In other words, Borel himself didn't think much of using simple probability calculations of the sort proposed by creationists. He was aware enough of these difficulties to state his reservations, yet creationists simply went ahead anyway.

An Example

To see the intellectual poverty of the creationist's game with numbers, let us apply their reasoning to a nonbiological context. In one small corner of the great San Luis valley of Colorado, near the border of New Mexico, there is a dramatic sight: thirty square miles of arid sand dunes, looking for all the world as though a piece of the Sahara desert had been dropped onto the valley floor. One wouldn't be shocked to see a caravan of camels winding their way through the 700-foot-high dunes.
Great Sand Dunes National Monument

What is the probability that all of that sand ended up in that tiny area of the valley by chance? If we were to follow the line of thought advocated by creationists, we would calculate the probability that each grain of sand wound up purely by chance in the 30 square mile zone of the valley, which is 8500 square miles in area. By my conservative estimate there are at least 1020 grains of sand in the dunes, and so it turns out that the probability that all these grains of sand drifted into the given zone is 16 orders of magnitude smaller than the threshold for impossibility stated in "Borel's Law." In other words, by creationist logic, the sand dunes could not have originated from a natural process. God must have put them there!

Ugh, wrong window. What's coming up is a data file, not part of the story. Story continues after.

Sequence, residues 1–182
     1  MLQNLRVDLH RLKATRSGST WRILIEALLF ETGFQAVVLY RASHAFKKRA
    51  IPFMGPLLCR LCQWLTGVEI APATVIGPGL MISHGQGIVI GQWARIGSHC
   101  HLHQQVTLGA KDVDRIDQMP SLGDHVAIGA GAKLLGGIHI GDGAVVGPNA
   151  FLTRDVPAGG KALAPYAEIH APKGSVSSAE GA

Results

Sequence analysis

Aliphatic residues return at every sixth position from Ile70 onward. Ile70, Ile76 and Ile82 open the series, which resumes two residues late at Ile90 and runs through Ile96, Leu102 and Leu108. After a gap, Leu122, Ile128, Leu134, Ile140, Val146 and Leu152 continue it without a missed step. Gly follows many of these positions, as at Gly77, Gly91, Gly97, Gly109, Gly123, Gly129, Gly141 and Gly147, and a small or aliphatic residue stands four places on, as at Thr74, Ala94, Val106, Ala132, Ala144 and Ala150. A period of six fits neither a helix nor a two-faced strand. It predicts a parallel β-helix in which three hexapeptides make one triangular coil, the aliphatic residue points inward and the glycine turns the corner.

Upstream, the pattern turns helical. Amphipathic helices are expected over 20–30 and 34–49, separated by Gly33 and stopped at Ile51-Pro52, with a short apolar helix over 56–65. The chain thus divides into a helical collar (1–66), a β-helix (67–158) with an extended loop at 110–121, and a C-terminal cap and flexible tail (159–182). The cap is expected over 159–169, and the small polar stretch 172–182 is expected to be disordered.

A Better Way

Instead of trying to calculate a probability that life could evolve by evolution alone — which is impossible to calculate with biological science as we know it today — the correct approach is to consider the process of evolution. We should state the question in terms of the probability that, in any given interval in time, a new gene might arise, never before seen, which confers a large enough selective advantage on its organism to eventually become widespread in the gene pool. In other words, we should consider the probability of any typical step in the process of evolution, rather than an abstract comparison of life to the absence of life.

Creationists differ on this point: some say that even one step in the evolutionary process cannot happen, and others are happy to admit that it can occur (happy, I guess, because they still know that God can intervene if and when He wants). Biologists, of course, concluded long ago that this probability is never sufficiently small as to rule out evolution as the origin of any particular feature of biology.

Stated more precisely: in every biological case that has been considered, there is sufficient time and a great enough supply of mutations so that the mere process of evolution could reasonably have originated the feature in question out of earlier forms and features. "Borel's Law," properly interpreted with rates included, is not violated.

Physicists, in turn, have never objected to this process of evolution on grounds that it violates any part of thermodynamics. The information content of the genome can increase, because more than enough heat is discarded in the process to maintain the Second Law of Thermodynamics. The deep connections between probability, entropy, and energy are not violated at any step of the evolutionary process.

Borel himself would be horrified at this use of his name, and the way it is being used, were he still alive today. The only "Borel's Law" worthy of the name is the Strong Law of Large Numbers.

I find it oddly poignant that creationists so long for Absolute Truth that they will distort any mathematical idea in service of their desperate argumentation, never realizing as they do this that mathematics itself has already given them a body of truth far more absolute and beautiful than can be conveyed by any holy scripture.

Peace and serenity to all,


Copyright © 2005 by Loren Cobb. All rights reserved. This essay may be reproduced with attribution for educational or non-commercial purposes.